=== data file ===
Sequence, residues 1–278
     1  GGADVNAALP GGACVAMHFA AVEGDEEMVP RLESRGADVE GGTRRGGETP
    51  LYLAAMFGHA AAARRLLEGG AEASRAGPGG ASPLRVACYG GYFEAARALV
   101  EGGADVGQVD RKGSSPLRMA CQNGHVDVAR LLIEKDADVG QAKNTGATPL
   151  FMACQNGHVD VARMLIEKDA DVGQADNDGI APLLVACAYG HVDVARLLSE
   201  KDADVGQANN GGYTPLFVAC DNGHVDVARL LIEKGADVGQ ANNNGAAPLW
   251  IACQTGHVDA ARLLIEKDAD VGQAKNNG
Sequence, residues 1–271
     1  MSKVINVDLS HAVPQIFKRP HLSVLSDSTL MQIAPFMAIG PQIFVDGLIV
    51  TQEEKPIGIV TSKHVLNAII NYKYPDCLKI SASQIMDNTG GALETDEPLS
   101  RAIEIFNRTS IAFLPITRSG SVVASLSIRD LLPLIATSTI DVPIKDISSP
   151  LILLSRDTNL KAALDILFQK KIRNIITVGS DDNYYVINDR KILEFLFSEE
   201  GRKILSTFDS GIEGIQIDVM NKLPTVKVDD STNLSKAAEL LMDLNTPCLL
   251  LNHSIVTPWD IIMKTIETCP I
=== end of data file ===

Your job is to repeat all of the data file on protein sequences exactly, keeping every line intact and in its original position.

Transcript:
Sequence, residues 1–278
     1  GGADVNAALP GGACVAMHFA AVEGDEEMVP RLESRGADVE GGTRRGGETP
    51  LYLAAMFGHA AAARRLLEGG AEASRAGPGG ASPLRVACYG GYFEAARALV
   101  EGGADVGQVD RKGSSPLRMA CQNGHVDVAR LLIEKDADVG QAKNTGATPL
   151  FMACQNGHVD VARMLIEKDA DVGQADNDGI APLLVACAYG HVDVARLLSE
   201  KDADVGQANN GGYTPLFVAC DNGHVDVARL LIEKGADVGQ ANNNGAAPLW
   251  IACQTGHVDA ARLLIEKDAD VGQAKNNG
Sequence, residues 1–271
     1  MSKVINVDLS HAVPQIFKRP HLSVLSDSTL MQIAPFMAIG PQIFVDGLIV
    51  TQEEKPIGIV TSKHVLNAII NYKYPDCLKI SASQIMDNTG GALETDEPLS
   101  RAIEIFNRTS IAFLPITRSG SVVASLSIRD LLPLIATSTI DVPIKDISSP
   151  LILLSRDTNL KAALDILFQK KIRNIITVGS DDNYYVINDR KILEFLFSEE
   201  GRKILSTFDS GIEGIQIDVM NKLPTVKVDD STNLSKAAEL LMDLNTPCLL
   251  LNHSIVTPWD IIMKTIETCP I